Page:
“Research highlights” is a weekly round-up of research papers appearing in the print BMJ. We start off with this week’s research questions, before providing more detail on some individual research papers and accompanying articles.
- Is treatment of periodontal disease during pregnancy associated with a reduced rate of preterm births?
- Are longlasting nets treated with insecticide effective in reducing incidence of visceral leishmaniasis in India and Nepal?
- How well does a new QRISK model estimate lifetime risk of cardiovascular disease?
- Can simple ultrasound rules be used as a triage test to predict benignity or malignancy in an adnexal mass?
Periodontal disease, pregnancy, and preemies
Can a woman’s oral hygiene affect her unborn baby? All sorts of research on the effect of periodontal disease on preterm birth has been published in the past 16 years. Observational studies suggest that pregnant patients with periodontal disease have an increased risk of preterm birth, but the largest randomised study to date said that treating periodontal disease had no effect on the rate of preterm birth and low birthweight infants.
Now Nikolaos Polyzos and colleagues have published a meta-analysis of studies on treatment of periodontal disease during pregnancy, which they hope will put the issue to rest. Only five of the 11 trials they identified were of sufficiently high methodological quality, and these trials provided clear evidence that treatment of periodontal disease has no effect on the rate of preterm births, low birthweight infants, spontaneous abortions and stillbirths, or overall adverse pregnancy outcomes. The six low quality trials, however, indicated that treatment did have a beneficial effect.
In a linked editorial George Macones says: “Disappointingly, despite years of basic, clinical, and translational research, no robust data support the treatment of any infection to reduce preterm birth or improve pregnancy outcomes . . . It may be time to re-examine some basic assumptions about the cause of adverse pregnancy outcomes and explore new mechanisms and treatments.” However, both Professor Macones and the study authors emphasise that maintenance of oral health should be encouraged as part of routine preventive care, irrespective of its effect on pregnancy outcomes.
Evaluating adnexal masses
Whether an adnexal mass is malignant or not affects the choice of treatment, but making this decision requires an experienced ultrasound examiner. Dirk Timmerman and colleagues have tested a decision making tool that should make this process a bit easier for less experienced ultrasound examiners.
The rules they devised comprised five ultrasonic features (including shape, size, solidity, and results of colour Doppler examination) to predict a malignant tumour (M features) and five to predict a benign tumour (B features). If one or more M features were present in the absence of a B feature, the mass was classified as malignant, whereas if one or more B features were present in the absence of an M feature, it was classified as benign. Findings using these rules were then compared with whether the excised adnexal mass was classified as benign or malignant on histological assessment.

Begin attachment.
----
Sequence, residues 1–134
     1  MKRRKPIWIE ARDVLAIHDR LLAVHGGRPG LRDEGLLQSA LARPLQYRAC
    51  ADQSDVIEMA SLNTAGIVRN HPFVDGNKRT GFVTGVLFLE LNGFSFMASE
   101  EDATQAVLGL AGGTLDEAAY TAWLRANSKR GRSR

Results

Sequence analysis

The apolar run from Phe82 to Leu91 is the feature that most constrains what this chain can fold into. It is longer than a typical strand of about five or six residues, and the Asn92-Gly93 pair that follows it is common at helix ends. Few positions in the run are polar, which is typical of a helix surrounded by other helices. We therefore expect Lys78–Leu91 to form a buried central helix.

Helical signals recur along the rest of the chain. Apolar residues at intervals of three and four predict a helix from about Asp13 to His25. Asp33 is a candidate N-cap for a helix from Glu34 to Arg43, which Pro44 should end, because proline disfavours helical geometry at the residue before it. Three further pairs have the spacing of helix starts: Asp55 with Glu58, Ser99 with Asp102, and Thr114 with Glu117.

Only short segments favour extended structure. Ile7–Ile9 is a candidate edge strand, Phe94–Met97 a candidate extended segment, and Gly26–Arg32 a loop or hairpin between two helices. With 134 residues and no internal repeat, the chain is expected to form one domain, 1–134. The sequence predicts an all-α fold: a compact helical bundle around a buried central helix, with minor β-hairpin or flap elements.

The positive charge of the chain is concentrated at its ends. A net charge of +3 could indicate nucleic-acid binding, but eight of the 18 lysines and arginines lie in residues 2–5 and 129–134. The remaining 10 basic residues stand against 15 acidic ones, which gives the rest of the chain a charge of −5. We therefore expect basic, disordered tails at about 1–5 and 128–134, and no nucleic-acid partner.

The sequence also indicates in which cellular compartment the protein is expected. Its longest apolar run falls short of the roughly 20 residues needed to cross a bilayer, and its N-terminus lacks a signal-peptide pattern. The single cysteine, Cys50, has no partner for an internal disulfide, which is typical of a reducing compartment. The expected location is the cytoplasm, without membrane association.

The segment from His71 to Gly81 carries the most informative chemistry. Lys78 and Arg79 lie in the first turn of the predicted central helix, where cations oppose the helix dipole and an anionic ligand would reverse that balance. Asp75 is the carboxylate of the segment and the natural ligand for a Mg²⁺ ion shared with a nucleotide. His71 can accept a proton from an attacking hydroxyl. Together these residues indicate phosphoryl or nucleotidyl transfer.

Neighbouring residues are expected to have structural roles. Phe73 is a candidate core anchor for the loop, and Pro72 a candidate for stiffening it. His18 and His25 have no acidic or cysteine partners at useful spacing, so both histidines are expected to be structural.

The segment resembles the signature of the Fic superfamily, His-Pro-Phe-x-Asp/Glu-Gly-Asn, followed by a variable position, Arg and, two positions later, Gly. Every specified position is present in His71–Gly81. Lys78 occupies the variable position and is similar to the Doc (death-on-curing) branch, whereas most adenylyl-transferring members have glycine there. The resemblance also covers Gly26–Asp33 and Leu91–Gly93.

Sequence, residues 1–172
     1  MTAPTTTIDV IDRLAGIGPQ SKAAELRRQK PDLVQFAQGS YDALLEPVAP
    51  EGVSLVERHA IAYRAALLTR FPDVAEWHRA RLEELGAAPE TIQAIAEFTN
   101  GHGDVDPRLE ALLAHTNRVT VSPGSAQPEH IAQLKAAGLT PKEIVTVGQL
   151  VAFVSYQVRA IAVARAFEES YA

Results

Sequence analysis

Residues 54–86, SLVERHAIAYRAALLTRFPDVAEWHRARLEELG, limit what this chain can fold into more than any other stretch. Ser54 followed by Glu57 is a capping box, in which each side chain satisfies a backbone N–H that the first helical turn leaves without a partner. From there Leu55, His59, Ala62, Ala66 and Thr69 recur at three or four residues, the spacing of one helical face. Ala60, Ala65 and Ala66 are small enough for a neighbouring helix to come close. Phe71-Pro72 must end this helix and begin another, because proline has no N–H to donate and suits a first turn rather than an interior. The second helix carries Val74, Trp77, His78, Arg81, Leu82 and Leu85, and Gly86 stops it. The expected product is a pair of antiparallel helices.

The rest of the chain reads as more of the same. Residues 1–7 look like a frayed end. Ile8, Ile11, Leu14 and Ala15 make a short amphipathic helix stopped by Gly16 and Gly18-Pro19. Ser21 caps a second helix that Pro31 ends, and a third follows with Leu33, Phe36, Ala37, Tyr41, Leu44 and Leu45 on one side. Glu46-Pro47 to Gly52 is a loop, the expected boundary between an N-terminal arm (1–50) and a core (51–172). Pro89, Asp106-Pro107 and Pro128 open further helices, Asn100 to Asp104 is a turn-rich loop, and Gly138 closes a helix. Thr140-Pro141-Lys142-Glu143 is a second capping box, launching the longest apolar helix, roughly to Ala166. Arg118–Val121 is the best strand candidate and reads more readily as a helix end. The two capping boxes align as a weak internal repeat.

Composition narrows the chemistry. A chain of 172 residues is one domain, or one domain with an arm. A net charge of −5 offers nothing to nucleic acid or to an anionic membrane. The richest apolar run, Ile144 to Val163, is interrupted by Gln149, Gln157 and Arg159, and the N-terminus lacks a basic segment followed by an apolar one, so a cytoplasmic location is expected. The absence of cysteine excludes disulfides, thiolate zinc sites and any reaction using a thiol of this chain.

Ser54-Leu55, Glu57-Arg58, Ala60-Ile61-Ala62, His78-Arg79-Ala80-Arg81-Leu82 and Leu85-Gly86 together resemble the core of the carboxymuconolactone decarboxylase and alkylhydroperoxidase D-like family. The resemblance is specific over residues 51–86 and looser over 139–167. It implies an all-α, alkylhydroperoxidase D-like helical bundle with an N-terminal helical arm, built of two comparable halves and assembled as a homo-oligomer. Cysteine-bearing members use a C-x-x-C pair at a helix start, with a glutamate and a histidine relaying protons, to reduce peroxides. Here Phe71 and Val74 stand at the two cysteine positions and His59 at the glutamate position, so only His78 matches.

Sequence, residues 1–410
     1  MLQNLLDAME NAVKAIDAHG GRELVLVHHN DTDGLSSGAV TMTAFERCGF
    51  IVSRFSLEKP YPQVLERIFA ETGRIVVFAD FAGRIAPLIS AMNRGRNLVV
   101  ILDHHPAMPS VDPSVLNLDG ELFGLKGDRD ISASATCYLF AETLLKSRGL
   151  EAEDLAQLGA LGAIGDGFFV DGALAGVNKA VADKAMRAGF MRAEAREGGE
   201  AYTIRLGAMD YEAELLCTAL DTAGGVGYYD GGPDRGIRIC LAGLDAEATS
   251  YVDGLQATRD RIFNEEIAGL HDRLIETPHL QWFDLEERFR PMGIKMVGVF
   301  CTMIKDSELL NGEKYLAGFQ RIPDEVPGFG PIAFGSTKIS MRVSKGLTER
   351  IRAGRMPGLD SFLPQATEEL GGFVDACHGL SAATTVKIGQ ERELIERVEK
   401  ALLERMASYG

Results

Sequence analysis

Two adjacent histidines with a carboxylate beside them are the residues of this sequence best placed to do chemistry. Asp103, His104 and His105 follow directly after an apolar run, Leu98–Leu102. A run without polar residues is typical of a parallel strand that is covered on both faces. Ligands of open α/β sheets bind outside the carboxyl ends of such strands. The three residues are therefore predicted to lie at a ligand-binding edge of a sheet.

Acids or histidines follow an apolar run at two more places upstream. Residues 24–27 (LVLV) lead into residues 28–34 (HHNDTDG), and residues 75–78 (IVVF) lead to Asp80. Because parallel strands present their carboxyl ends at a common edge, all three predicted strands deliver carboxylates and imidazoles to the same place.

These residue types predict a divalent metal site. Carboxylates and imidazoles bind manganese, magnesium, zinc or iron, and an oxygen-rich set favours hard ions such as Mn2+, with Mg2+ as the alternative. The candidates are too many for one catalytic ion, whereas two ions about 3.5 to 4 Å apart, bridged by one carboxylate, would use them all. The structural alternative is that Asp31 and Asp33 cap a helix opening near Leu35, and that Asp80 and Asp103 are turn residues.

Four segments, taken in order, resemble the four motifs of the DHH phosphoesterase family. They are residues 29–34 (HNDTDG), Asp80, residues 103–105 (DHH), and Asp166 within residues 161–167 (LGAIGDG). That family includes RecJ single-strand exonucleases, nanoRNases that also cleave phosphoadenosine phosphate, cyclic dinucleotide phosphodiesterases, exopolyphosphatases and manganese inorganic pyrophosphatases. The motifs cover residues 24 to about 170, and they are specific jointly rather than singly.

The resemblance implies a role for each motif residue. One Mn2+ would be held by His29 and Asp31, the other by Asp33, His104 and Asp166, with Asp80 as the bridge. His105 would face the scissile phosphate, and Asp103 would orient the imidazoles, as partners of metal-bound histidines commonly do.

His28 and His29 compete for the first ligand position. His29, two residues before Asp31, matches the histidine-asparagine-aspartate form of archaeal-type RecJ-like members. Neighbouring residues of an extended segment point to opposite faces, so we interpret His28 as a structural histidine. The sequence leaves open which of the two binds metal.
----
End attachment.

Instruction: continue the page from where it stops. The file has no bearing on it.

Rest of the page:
The rules correctly discriminated between benign and malignant masses in 77% of cases. When conclusive, the rules performed as well as subjective assessment by an experienced examiner. The authors suggest that their ultrasound rules should be used as a triage test and subjective assessment by an experienced ultrasound examiner should be used as a second stage test in those masses for which the simple rules yield an inconclusive result.
New algorithm for lifetime cardiovascular risk
Julia Hippisley-Cox and colleagues have developed an algorithm for lifetime cardiovascular risk. Patients with high lifetime risk were more likely to be younger, male, from non-white ethnic groups, and have a positive family history of premature coronary heart disease than those identified as being at high risk with the 10 year QRISK2 score. But in younger patients, the risk-benefit ratio of medical interventions might be narrow, and the authors admit that we need more data on their cost effectiveness and acceptability.
Editorialists Rod Jackson and colleagues aren’t convinced that lifetime risk estimation adds much, but they like the graphs produced by the calculator at www.qrisk.org/lifetime. These predict patients’ cumulative cardiovascular risk throughout their lifetime on the basis of both current risk profiles and what will happen if their risk profiles improve.
Research online: For this and other new research articles see www.bmj.com/research
Efficacy of scorpion antivenom
Being stung by the Indian red scorpion (Mesobuthus tamulus), the most lethal species of the Buthidae family in India, is bad news enough. But to make things worse, the efficacy of scorpion antivenom is unknown.
Himmatrao Saluba Bawaskar and Pramodini Himmatrao Bawaskar have conducted an open label randomised controlled trial in India to determine for sure the effects of the monospecific F(ab)2 scorpion antivenom on the cardiac pathophysiological effects of scorpion sting. They found that addition of scorpion antivenom to the a1 blocker prazosin, which is widely used for the management of M tamulus sting, within six hours hastened recovery and shortened hospital stay compared with prazosin alone.
However, they point out that the total cost of treatment with antivenom approaches a month’s salary for a labourer in rural India, whereas the cost of 10 tablets of 1 mg prazosin is very much cheaper.